HOUSTON - An autism diagnosis can be overwhelming and change everything in an instant.
"To hear it was so much to take in. I just felt like the world just stopped for a minute," said KPRC 2 meteorologist Britta Merwin.
This is a personal story for her. Her son was diagnosed with autism at 2 years old.
"Knowing that life was going to be, or really could be hard for him was just devastating as a parent to hear," Merwin said.
An exchange with a KPRC 2 viewer during Autism Awareness Month provided provided Merwin the opportunity to open up about her family's journey.
"For the past two years, I've worn my blue puzzle piece every single day of April, and every year I get a ton of emails and one woman emailed me and said, 'Thank you for supporting autism,'" Merwin said. "I wrote her back and said, 'For me, it's a personal journey for me too.'"
Dr. Sonia Monteiro works with children and families at the Texas Children's Hospital Autism Center. She helps parents understand the diagnosis and what comes next.
Monteiro said there are early signs of the disorder evident in a child's behavior.
"In terms of social skills, we find that they don't make eye contact as frequently. They might not respond when they're infants and, when their parents talk to them, they may not make sounds in response," Monteiro said. "From the communications standpoint, a lot of children have delays in their speech and language development, so they might not be using words by their first birthday."
Merwin said her son showed those symptoms. And other parents said they saw the same things, too.
Merwin recently sat down with a group of Houston-area mothers raising children on the spectrum.
Kendall Knight said her son showed signs of autism early.
"I knew from a very early age. Lots of crying when he was a baby. He was actually a really easy baby, but no eye contact, didn't want to do anything like roll the ball back and forth, didn't really play with toys," Knight said.
Steffani Erickson said her daughter Maddy also showed signs very early on.
"I knew something wasn't right -- the tantrums and the meltdowns. I would call her name over and over and she wouldn't answer," Erickson said. "She was empty. Her eyes -- she wasn't there."
For Joy Tober, the diagnosis brought conflicting emotions.
"There was relief because I had a path now," Tober said. "I knew I could go somewhere and get her the help that she needs. But it was scary too, because I don't know what her future is going to look like."
It's been two years since her son's diagnosis, and Merwin said she's learned so much about raising a child with autism.
She offers these three tips:
Trust your gut
"No one knows your child like you do. Early detection is key. The earlier you can start therapy, the greater chance you have of helping your child succeed and get over some of these challenges."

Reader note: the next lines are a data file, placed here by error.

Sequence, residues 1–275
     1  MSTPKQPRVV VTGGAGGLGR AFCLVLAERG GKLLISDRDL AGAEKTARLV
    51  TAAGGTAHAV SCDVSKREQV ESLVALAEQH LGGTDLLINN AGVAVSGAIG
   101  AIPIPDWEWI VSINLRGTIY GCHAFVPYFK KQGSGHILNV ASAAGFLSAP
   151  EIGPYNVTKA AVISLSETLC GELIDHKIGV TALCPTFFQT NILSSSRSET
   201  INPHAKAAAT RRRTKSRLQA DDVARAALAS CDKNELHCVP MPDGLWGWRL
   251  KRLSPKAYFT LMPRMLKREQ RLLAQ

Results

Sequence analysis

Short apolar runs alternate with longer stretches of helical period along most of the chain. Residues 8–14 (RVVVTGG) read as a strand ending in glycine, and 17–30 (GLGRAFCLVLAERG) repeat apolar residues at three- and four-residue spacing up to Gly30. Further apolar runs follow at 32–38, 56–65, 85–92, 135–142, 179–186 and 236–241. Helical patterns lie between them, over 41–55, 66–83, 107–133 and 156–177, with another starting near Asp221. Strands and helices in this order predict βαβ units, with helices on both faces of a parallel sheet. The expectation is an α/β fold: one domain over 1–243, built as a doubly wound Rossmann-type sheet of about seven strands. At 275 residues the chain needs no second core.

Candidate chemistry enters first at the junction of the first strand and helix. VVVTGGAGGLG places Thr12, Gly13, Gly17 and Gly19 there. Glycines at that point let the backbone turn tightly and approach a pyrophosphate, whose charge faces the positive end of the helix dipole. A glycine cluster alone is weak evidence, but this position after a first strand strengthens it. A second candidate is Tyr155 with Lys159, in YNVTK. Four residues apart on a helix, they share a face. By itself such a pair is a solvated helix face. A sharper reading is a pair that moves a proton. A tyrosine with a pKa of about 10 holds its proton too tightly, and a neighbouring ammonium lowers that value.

Make a plan
"Your child needs certain therapies and services to help your child and that's going to be individual to each child, depending on what your kid is going through."
Take care of yourself
"It's very easy to get burned out, exhausted, depressed and, if you are not ensuring that you're healthy, you're not going to be able to advocate for your child."
Monteiro said the diagnosis can be overwhelming, but with the proper treatment and therapies, there is hope for children on the autism spectrum.
"When I see those children who get plugged in to intensive behavior interventions and I see them come back, and I see the progress, I think it's probably the best part of my job," Monteiro said.
Therapy has been a game changer for Merwin's family. Recently, her son reached a huge milestone.
"He looked at me and he said, 'Hi, Mommy,' and he looked at me and said it, and I knew that he knew that I was Mama," Merwin said.
We've included a KPRC "Parent's Guide To Autism" Resources list below.
Texas Children's Hospital Autism Center is hosting an event for parents in July. See the information below to register for the event:
Introduction to Autism Resources and Services Workshop
Texas Children's Hospital Autism Center
8080 N. Stadium Drive
Houston, Texas 77054
The event will be held Friday, July 20, from 12:30 p.m.-3 p.m. To RSVP, leave a message with Jessica Smith at 832-824-8385 or email firstname.lastname@example.org.
A new workshop has been added and will take place Friday, July 20, from 9:30 a.m.-12 p.m. It will take place at:
Texas Children's Hospital Autism Center
8080 N. Stadium, Suite 280
Houston, Texas 77054
Officials said parking in the lot is limited and reserved for patients. Street parking is available and there is a paid city of Houston lot next door that is attached to the Bureau of Vital Statistics at 8000 N. Stadium Drive. Parking will cost $6.
To RSVP to this workshop, click here.
Click here to watch the full video of the parents autism roundtable.
Click here to download KPRC's "Parent's Guide To Autism" Resources.
KPRC "Parent's Guide to Autism" Resources
Before the Diagnosis
A Quick 5-Step Checklist
1. Ask your pediatrician for an autism evaluation.
2. If your child is 3 years old or younger, contact Early Childhood Intervention for an evaluation. If your child is grade school-age, contact your district’s special education department for an evaluation.
3. After you receive a diagnosis, ask your provider and/or school what services are available for your child.
4. Contact and interview possible therapy providers and make a plan for your child's treatment.
5. Contact your health insurance company to find out what is covered by your insurance. Reach out to local nonprofits if you need financial assistance.
Getting Your Child Evaluated
Medical evaluations, private therapy evaluations and school evaluations are all different and often are required by each provider before services are suggested and implemented. Evaluations take time. Plan ahead and be patient.
- For Early Childhood Intervention and other public school programs, the child must be evaluated by the school district even if the child has a medical diagnosis. If a child is under 3 years old reach out to ECI for initial evaluation.